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‘We’re workers, not criminals!’
At Iowa meeting, workers denounce plan to turn local cops into ‘la migra’
May Day actions across U.S. to demand legalization of immigrants
U.S. high court ruling deals blow to women’s right to choose abortion
Coal miners in Southwest sign up for ‘Militant’
Protesters in Georgia demand justice for youth killed by cops
Congress to send bill to Bush with $100 billion for Iraq, Afghan wars
Democrats keep portraying it as ‘antiwar’
Venezuela congress draws women from 90 countries
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A socialist newsweekly published in the interests of working people
Vol. 71/No. 18      May 7, 2007


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(lead article)
‘We’re workers, not criminals!’
At Iowa meeting, workers denounce
plan to turn local cops into ‘la migra’
Latinos en Acción de CCI
April 17 protest meeting in Marshalltown, Iowa, organized by Latinos in Action to press City Council to cancel plan to turn local police into la migra.

MARSHALLTOWN, Iowa—The hall at the Salvation Army headquarters here overflowed April 17 with 175 people opposed to a plan to turn local police into enforcers of federal immigration laws.

Most of those at the meeting were current or former employees of the huge Swift pork plant on the outskirts of town. Entire families attended. The program took place primarily in Spanish, with simultaneous translation for a handful of people who spoke only English. Shouts of Sí se puede! (Yes we can!) filled the hall.

“We are workers, not criminals,” said Samuel Carvajal in opening the gathering. “We can stop this plan.” Carvajal is a leader of Latinos en Acción de CCI (Latinos in Action), which organized the event.

Erica Palmer, an organizer of the group, told the crowd that last November—more than a month before the December 12 raid on Swift factories across the country by agents of Immigration and Customs Enforcement (ICE)—the Marshalltown City Council began discussing a proposal for ICE to train five local cops in immigration law enforcement.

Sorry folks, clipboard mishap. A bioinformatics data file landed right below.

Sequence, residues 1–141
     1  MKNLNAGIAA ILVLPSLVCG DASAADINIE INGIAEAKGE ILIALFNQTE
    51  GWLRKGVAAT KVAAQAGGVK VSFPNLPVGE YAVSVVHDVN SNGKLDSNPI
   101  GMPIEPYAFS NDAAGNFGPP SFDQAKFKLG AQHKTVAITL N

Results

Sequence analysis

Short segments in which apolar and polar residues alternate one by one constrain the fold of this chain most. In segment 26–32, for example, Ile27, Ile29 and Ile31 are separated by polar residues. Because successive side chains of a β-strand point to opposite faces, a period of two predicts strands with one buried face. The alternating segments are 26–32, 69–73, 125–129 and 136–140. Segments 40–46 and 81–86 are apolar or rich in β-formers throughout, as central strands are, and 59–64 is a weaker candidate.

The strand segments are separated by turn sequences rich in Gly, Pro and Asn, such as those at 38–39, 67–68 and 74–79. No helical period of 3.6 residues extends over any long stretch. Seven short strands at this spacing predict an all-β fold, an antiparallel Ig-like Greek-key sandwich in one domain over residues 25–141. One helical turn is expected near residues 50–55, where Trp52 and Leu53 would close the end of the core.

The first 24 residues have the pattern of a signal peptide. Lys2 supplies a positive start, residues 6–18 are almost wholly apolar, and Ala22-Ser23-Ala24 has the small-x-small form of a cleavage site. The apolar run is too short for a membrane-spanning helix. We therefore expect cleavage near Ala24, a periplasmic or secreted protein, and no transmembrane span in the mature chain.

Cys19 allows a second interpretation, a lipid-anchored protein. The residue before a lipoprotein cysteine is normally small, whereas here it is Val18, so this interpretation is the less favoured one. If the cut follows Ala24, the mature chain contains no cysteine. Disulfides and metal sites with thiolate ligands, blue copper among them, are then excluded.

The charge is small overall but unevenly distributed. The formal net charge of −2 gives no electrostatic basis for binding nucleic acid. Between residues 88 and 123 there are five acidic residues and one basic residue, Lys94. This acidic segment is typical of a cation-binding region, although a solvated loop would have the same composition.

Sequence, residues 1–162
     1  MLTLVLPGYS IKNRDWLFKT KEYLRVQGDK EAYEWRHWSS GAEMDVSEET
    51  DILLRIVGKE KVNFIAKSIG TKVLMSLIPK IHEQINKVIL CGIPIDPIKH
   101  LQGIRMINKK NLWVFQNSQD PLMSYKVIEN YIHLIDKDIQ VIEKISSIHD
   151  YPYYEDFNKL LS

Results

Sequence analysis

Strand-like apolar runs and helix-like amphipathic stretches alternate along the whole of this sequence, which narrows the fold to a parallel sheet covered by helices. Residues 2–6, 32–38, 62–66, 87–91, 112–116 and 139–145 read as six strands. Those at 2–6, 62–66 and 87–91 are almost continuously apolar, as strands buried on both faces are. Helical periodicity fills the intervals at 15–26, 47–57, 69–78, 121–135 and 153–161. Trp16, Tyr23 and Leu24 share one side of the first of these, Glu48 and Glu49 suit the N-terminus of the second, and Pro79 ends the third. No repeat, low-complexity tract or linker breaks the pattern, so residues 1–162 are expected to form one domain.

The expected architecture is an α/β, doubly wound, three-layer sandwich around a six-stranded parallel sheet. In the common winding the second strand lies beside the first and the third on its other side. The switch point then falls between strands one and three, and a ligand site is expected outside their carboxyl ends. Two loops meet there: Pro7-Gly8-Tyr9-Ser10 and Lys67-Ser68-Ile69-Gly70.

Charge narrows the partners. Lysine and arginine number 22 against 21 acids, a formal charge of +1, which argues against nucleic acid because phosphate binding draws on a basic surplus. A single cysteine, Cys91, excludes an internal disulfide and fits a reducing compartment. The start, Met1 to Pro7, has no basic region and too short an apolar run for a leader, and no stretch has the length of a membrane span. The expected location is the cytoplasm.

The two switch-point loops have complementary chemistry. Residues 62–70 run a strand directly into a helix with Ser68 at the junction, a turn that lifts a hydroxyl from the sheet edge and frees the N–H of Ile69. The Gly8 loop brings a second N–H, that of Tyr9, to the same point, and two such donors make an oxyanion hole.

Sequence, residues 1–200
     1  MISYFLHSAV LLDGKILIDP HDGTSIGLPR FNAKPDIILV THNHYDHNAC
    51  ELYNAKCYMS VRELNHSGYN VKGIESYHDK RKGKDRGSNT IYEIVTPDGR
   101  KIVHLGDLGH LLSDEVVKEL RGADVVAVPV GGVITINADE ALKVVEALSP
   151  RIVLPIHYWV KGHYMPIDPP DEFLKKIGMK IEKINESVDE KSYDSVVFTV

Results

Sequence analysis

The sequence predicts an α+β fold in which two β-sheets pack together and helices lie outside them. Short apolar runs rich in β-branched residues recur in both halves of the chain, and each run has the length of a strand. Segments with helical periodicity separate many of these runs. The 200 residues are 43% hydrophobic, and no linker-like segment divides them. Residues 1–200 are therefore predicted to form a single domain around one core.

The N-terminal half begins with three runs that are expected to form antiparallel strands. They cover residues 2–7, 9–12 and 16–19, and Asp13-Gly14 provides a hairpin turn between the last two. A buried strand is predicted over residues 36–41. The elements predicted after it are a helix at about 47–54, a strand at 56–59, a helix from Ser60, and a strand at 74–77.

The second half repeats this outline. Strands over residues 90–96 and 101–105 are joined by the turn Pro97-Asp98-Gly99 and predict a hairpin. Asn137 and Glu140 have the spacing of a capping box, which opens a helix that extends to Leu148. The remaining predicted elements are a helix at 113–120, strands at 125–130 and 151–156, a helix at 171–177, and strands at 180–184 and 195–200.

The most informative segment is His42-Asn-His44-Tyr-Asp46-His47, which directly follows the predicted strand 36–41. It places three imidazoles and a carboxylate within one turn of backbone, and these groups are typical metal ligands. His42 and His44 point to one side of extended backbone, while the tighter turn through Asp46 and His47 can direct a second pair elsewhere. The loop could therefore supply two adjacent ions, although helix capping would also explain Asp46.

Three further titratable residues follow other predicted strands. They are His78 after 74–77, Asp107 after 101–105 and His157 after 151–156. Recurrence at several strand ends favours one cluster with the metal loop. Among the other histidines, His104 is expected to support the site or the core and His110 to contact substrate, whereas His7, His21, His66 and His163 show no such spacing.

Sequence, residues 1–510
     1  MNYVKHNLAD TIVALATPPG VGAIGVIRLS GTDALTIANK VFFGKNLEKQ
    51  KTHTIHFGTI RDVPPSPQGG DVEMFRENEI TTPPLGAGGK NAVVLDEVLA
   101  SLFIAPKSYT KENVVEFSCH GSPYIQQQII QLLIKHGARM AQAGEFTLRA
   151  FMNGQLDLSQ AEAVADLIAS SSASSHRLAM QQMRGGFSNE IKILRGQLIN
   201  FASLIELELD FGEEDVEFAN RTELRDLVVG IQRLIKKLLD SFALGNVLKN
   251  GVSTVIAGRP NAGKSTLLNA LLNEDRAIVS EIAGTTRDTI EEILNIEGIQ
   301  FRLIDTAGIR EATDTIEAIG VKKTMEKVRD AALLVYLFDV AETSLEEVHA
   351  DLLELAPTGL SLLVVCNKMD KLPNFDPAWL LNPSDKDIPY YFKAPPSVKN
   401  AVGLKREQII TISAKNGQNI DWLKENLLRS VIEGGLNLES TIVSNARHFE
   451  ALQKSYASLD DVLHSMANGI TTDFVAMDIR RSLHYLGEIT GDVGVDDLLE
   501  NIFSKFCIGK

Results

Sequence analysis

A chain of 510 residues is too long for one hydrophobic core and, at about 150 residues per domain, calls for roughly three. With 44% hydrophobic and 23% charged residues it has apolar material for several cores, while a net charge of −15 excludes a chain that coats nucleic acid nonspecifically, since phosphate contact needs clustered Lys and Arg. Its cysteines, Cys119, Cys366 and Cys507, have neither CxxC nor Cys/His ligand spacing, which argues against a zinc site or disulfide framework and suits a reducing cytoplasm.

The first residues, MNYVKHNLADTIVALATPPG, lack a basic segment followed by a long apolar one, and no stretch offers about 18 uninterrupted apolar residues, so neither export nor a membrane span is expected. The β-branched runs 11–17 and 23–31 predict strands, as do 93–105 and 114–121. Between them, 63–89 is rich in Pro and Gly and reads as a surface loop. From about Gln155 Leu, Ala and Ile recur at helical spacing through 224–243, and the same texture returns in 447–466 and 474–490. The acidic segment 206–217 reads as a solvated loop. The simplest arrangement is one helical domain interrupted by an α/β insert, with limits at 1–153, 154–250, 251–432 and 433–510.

“If this plan is approved, the police could stop you for any reason, such as drunk driving and other traffic infractions, even for loud music at a party, and take you to the police station, access the ICE database to determine your legal status, and have you deported,” Palmer said.

ICE wants to train 50 cops in the area, including here and in Ottumwa, another packing center, she said. The training of local and state police would allow them to officially act as immigration cops with ICE supervision. This is authorized under Section 287g of the Illegal Immigration Reform and Immigrant Responsibility Act, signed into law by President William Clinton in 1996.

The ICE web site says police units in Alabama, Arizona, California, Florida, North Carolina, and Virginia have implemented similar agreements. ICE is actively working to expand the program.

The Nov. 8, 2006, issue of Times-Republican, a local daily, reported that 10 to 12 Iowa police agencies have expressed interest in participating. Final approval has not yet been given.

In the same article, Marshalltown police chief Lon Walker claimed that under the plan, if an undocumented resident was pulled over for speeding, officers would only issue a ticket for having no driver’s license “unless the resident had been previously deported.”

But among the 287g “success stories” touted on the ICE web site are the arrest by the deputy sheriff of Florida’s Collier County of 20 people for alleged attempts to purchase “fraudulently obtained” drivers licenses. ICE states the plan also targets “the possession of fraudulent Alien Registration and Social Security cards” and U.S. birth certificates.

“This plan would hurt workers with or without papers,” Swift worker Pedro Nera said at the April 17 meeting.

“We would be stopped by the cops just because we have a Hispanic face,” added María, who identified herself only with her first name.

Scores of workers signed up to actively aid Latinos en Acción’s efforts to convince the Marshalltown council to reject the plan in the coming months.

Meanwhile, Norma González-Hernández, one of the 30 workers from the Swift plant here charged with felonies, including “identity theft” and “illegal reentry,” goes to trial April 30. Two have already been convicted. They are among the 99 arrested at the plant December 12 and in the weeks prior to the raid.

González’s lawyers said they would be glad to see supporters of her right to remain in the United States attend the trial, which will take place at the federal courthouse in Des Moines.
Related articles:
May Day actions across U.S. to demand legalization of immigrants
Gutierrez-Flake bill: anti-immigrant, antilabor
Build May Day demonstrations
May Day and U.S. fight for an eight-hour day

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